Freeman Intern Fellowship #2: A Typical Day in my Hong Kong Internship (Weekdays Only)!

Hi Everyone,

I have learned so much this summer, but something I knew before and definitely had affirmed was how bad I am at blogging. Apologies for taking so long with my updates! As I’ll talk about in this post and subsequent ones, life is very busy here, and I have little time for anything besides work during the week (and thus, my weekends are spend anywhere but a computer). My summer is winding down, though, and I am finding some time to write many update posts this week on my internship, and experience, in Hong Kong.

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Post 2

Over the past weeks of research preparation, the design for my study has transformed quite a bit in order to fit a more dependable method of measurement and a more narrow research question.

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The Climb to Chaguite

“Very few communities have organized capacity for collective action,” but what makes this concept vital in marginalized communities is their lack of access to the most basic tangible resources. In many instances, collective capacity resulting in community action is crucial because it is one of the few resources a community does not have to depend on an outside source for (Aday, forthcoming).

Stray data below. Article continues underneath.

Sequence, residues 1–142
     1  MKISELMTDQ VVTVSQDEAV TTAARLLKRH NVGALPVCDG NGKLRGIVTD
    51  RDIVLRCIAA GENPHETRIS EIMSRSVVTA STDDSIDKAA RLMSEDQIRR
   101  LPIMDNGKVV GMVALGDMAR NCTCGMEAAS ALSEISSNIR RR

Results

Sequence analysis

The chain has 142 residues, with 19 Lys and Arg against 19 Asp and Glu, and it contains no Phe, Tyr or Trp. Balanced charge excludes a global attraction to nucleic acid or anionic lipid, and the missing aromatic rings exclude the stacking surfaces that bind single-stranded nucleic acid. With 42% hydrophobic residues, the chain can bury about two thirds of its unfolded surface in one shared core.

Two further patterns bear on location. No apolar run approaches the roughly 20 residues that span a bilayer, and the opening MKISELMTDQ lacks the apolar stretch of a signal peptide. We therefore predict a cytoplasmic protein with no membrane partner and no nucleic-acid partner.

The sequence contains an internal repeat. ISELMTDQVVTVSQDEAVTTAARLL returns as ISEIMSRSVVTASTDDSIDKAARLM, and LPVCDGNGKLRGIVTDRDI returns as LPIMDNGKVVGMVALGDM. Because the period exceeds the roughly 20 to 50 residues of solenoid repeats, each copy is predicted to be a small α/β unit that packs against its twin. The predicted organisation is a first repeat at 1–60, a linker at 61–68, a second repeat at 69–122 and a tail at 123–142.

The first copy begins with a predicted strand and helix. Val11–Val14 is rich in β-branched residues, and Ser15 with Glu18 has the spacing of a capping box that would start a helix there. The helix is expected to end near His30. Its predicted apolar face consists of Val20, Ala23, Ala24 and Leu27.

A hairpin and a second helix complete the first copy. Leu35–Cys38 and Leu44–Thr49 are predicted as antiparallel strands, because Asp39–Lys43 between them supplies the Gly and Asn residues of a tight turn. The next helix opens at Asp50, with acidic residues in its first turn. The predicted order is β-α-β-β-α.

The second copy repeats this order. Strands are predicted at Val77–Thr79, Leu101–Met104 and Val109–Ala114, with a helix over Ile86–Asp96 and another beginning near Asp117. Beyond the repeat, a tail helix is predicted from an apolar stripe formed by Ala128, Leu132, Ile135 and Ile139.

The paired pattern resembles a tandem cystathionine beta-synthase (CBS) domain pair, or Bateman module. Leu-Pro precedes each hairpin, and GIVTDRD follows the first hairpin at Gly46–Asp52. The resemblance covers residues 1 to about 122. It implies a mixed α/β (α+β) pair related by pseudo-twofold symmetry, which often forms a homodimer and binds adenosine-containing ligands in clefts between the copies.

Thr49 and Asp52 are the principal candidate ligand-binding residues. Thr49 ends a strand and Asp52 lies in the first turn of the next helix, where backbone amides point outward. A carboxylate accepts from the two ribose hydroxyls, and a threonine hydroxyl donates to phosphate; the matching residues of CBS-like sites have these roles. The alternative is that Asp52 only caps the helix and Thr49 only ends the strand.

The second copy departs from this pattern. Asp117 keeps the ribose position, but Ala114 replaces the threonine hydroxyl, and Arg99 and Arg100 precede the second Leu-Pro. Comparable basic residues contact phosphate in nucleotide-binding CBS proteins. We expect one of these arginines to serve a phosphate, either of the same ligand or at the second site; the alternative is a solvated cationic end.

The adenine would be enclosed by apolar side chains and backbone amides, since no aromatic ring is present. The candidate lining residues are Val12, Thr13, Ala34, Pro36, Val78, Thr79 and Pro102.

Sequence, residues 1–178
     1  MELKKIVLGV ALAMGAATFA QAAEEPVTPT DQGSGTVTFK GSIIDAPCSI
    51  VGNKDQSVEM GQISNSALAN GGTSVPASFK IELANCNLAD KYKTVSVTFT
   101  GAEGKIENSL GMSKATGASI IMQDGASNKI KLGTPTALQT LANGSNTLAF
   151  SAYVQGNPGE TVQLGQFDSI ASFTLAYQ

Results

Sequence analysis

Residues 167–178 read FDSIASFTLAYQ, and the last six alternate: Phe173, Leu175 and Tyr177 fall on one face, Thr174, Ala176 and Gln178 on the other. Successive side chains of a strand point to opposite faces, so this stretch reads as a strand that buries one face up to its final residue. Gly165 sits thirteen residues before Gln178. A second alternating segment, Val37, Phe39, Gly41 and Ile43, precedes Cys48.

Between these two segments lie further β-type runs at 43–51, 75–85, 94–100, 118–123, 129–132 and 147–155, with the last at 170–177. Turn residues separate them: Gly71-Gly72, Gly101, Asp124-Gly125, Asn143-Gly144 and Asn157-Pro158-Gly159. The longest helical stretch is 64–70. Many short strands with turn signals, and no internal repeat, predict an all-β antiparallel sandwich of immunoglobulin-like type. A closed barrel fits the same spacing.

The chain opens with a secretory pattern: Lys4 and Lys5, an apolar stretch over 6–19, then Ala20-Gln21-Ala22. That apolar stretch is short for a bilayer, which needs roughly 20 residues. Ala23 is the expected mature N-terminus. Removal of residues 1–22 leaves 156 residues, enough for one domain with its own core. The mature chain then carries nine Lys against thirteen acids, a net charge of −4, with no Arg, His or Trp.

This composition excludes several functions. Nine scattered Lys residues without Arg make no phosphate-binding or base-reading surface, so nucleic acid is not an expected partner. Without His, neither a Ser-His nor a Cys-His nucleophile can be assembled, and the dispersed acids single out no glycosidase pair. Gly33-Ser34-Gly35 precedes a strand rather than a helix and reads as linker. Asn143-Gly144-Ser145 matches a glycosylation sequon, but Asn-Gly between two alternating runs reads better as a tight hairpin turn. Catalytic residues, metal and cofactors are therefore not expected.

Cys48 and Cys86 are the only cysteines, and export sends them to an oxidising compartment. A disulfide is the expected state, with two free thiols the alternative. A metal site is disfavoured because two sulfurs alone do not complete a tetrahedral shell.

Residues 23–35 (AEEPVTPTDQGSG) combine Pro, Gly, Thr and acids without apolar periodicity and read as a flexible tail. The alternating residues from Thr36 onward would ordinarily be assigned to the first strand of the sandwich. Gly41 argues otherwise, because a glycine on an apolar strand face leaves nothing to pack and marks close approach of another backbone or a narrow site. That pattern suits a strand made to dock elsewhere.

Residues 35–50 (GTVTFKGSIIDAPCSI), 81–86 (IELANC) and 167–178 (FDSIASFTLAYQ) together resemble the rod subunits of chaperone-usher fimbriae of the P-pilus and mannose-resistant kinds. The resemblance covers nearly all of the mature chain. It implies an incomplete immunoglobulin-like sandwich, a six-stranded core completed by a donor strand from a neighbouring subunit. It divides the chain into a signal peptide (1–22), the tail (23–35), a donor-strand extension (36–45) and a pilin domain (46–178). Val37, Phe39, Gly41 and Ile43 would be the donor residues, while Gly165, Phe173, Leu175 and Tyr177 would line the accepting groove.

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What it takes (To Get Good Data)

There are things to be said about both “field work” and “lab work.” Doing work in bacteriophage ecology, you get a taste of both. I can say that going outside to collect samples is hard, sweaty work (especially in the throes of Williamsburg swamp summer). To avoid the dangers (to me, that means ticks for the most part. *shudders*), you can work in a nice air-conditioned lab room, but you have to trade out seeing the sun. Either way, we all know that there is SO much more going on behind the scenes than what is neatly summed up in the “Methods” section of a journal article.

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